Media representatives from around the world, early settlers at the upcoming Beijing Olympic Games have been told by the Beijing Organizing Committee of the 2008 Olympic Games (BOCOG) that there will be no free Internet access, in addition to censorship.

The censorship issue contradicts an earlier statement by International Olympic Committee (OIC) president Jacques Rogge, who had previously pledged there would be no press censorship at the Beijing Games.

Under the IOC bidding process, there is a specific requirement journalists covering the Games “shall be granted full and free Internet access.”

International broadcasters, too, are still “in talks” with Chinese authorities to what extent they are allowed to film at the Games, in line with earlier promises.

In its report, the Voice of America confirmed that Chinese authorities are censoring journalists’ Internet access at the main press center at the Beijing Olympics.

Despite being “concerned” at the Chinese action, IOC has acknowledged it cannot do anything as long as sites on sports are left open.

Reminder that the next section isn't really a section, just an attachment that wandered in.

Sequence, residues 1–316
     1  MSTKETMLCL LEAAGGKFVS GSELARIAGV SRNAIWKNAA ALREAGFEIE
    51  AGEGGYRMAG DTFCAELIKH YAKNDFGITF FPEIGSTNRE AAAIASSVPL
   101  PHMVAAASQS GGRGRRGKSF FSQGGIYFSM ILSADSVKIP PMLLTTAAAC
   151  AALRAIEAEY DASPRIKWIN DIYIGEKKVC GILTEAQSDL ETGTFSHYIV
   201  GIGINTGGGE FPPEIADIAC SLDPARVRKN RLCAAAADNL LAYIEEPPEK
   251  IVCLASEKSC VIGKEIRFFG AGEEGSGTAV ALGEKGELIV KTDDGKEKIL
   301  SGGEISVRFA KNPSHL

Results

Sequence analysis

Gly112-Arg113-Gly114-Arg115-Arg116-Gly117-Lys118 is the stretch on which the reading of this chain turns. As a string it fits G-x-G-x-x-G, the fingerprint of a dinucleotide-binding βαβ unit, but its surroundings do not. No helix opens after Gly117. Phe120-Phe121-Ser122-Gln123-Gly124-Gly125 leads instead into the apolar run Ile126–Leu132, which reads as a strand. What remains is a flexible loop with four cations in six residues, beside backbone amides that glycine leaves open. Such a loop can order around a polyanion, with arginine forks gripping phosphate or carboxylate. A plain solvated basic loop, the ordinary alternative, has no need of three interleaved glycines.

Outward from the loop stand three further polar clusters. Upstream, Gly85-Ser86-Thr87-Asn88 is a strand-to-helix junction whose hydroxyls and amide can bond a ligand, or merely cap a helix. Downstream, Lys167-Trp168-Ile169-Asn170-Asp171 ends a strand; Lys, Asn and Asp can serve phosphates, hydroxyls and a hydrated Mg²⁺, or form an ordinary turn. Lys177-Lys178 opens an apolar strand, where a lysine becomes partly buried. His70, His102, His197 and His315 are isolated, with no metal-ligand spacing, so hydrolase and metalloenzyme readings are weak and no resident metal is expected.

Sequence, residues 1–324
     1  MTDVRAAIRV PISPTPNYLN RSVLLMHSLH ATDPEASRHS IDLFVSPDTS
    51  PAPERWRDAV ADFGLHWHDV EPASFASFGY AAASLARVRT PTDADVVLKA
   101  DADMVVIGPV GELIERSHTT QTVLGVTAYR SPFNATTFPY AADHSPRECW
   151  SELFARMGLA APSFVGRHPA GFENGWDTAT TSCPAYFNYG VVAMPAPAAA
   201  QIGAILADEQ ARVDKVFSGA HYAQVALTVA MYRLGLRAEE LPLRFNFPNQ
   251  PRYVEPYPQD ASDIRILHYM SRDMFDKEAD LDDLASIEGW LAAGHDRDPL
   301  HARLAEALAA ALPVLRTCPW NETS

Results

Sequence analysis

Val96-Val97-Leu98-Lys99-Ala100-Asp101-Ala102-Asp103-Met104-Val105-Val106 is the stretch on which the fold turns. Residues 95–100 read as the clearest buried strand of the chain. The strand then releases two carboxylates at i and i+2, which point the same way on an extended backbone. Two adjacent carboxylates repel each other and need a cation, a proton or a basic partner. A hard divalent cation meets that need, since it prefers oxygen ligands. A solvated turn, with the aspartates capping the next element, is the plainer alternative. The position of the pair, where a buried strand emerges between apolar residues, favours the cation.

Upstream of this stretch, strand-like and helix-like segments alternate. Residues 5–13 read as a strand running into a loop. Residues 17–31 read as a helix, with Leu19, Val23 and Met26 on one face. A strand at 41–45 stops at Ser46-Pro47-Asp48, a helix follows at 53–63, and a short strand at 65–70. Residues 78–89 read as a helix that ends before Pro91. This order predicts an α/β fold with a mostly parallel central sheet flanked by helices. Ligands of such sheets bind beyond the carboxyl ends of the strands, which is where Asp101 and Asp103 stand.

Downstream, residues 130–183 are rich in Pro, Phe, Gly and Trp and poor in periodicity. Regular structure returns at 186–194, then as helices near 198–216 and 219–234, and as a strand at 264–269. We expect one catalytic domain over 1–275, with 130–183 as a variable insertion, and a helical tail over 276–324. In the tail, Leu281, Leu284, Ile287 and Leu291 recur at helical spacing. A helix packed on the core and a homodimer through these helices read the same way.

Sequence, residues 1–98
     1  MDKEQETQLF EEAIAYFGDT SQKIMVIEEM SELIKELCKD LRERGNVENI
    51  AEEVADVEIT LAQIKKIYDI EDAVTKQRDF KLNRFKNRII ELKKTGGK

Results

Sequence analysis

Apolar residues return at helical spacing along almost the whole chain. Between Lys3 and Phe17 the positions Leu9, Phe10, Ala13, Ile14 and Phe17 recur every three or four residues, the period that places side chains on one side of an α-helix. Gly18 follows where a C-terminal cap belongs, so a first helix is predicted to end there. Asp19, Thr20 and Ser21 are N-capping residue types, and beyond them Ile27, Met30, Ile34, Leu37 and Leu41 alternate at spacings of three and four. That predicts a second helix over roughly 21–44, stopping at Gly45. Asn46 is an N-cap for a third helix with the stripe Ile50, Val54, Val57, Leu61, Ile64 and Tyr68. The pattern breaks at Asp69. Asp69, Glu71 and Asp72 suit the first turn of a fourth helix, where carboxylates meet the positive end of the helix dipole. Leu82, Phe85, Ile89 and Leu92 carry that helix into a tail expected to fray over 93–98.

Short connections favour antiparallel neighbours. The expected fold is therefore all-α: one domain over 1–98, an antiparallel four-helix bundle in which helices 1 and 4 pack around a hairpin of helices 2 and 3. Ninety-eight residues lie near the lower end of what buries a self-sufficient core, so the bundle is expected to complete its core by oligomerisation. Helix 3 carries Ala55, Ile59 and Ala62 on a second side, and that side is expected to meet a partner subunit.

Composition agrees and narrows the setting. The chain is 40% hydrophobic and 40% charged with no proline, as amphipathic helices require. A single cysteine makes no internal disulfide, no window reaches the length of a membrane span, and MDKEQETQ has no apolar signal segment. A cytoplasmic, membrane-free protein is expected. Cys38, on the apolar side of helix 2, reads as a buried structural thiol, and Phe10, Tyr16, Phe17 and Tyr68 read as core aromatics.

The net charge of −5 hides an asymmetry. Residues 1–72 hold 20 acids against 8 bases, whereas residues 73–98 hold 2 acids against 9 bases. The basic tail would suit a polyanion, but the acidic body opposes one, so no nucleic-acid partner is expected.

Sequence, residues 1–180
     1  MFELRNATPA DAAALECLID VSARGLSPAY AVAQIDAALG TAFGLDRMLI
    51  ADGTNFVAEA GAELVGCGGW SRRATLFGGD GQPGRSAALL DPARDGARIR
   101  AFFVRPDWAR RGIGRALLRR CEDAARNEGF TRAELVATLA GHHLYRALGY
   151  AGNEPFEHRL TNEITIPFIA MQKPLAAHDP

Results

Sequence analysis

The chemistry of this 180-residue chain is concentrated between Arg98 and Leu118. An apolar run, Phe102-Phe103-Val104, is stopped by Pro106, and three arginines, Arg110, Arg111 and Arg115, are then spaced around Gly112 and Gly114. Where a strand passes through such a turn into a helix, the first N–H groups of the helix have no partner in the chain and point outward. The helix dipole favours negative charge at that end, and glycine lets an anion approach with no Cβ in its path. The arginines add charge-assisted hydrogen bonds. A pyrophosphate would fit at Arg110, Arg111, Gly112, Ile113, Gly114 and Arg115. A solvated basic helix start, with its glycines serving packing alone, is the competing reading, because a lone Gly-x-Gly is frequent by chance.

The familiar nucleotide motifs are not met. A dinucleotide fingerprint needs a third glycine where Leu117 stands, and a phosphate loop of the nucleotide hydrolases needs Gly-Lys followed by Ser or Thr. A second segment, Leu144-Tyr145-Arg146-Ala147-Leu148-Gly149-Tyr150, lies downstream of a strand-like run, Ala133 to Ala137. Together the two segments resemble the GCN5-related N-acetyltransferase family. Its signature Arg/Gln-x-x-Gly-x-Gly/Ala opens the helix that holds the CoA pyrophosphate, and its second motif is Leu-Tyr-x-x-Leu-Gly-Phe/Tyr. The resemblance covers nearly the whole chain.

Expressing concern at the Chinese action, journalists have defined it as defying IOC rules and press freedom. “I will speak to the Chinese authorities and see what their reaction is,” said Kevin Gosper, head of the IOC press commission.

Since the student demonstrations in 1989, the Chinese authorities have increased security checkpoints especially at Tienanmen Square, Beijing’s iconic tourist destination.

Foreign journalists have confirmed access to web sites with the words “Tibet” and” Amnesty International” are blocked by the Chinese authorities, being classified as “sensitive websites.”

BOCOG spokesman Sun WeideI has confirmed China will censor foreign journalists’ access to the Internet. “Sufficient” access, however, will be permitted.

Citing it the “most expensive internet service in the world” the experienced travelers have been caught by surprise there is no free Internet access at the Olympics Media Village. “We are being charged a ridiculous amount for only one month.”

Internet users are being charged between US$1,131 (512/512) to $1,716 (2M/512) for ADSL service, plus an additional $66 for a fixed IP.

“Not only do I have to deal with the Great Firewall of China, but also pay through the nose to use it, ” said a media representative in jest, in his first posting on the internet reporting on his early experience in China. “The connections must have gone past the firewall.”

General business Internet users in Beijing pay about $130 per month (for 2Mbps up/down access ), while internet cafes generally charge $1 per hour of usage.